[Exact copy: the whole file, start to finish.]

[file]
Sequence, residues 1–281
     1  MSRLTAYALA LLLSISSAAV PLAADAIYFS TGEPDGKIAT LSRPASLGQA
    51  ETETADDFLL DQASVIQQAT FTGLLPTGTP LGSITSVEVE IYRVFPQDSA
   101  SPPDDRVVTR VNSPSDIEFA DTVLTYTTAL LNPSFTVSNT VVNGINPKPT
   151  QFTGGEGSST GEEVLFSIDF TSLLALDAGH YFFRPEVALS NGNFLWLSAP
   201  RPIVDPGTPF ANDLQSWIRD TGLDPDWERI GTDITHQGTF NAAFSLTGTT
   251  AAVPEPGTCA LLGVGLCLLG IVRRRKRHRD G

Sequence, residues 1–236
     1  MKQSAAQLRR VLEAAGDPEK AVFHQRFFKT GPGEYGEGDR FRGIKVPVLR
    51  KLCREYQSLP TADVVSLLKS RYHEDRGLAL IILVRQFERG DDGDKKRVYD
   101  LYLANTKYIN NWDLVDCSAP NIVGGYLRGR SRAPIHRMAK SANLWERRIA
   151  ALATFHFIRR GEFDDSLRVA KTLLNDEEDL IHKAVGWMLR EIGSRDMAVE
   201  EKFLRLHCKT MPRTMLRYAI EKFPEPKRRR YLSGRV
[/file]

Sequence, residues 1–281
     1  MSRLTAYALA LLLSISSAAV PLAADAIYFS TGEPDGKIAT LSRPASLGQA
    51  ETETADDFLL DQASVIQQAT FTGLLPTGTP LGSITSVEVE IYRVFPQDSA
   101  SPPDDRVVTR VNSPSDIEFA DTVLTYTTAL LNPSFTVSNT VVNGINPKPT
   151  QFTGGEGSST GEEVLFSIDF TSLLALDAGH YFFRPEVALS NGNFLWLSAP
   201  RPIVDPGTPF ANDLQSWIRD TGLDPDWERI GTDITHQGTF NAAFSLTGTT
   251  AAVPEPGTCA LLGVGLCLLG IVRRRKRHRD G

Sequence, residues 1–236
     1  MKQSAAQLRR VLEAAGDPEK AVFHQRFFKT GPGEYGEGDR FRGIKVPVLR
    51  KLCREYQSLP TADVVSLLKS RYHEDRGLAL IILVRQFERG DDGDKKRVYD
   101  LYLANTKYIN NWDLVDCSAP NIVGGYLRGR SRAPIHRMAK SANLWERRIA
   151  ALATFHFIRR GEFDDSLRVA KTLLNDEEDL IHKAVGWMLR EIGSRDMAVE
   201  EKFLRLHCKT MPRTMLRYAI EKFPEPKRRR YLSGRV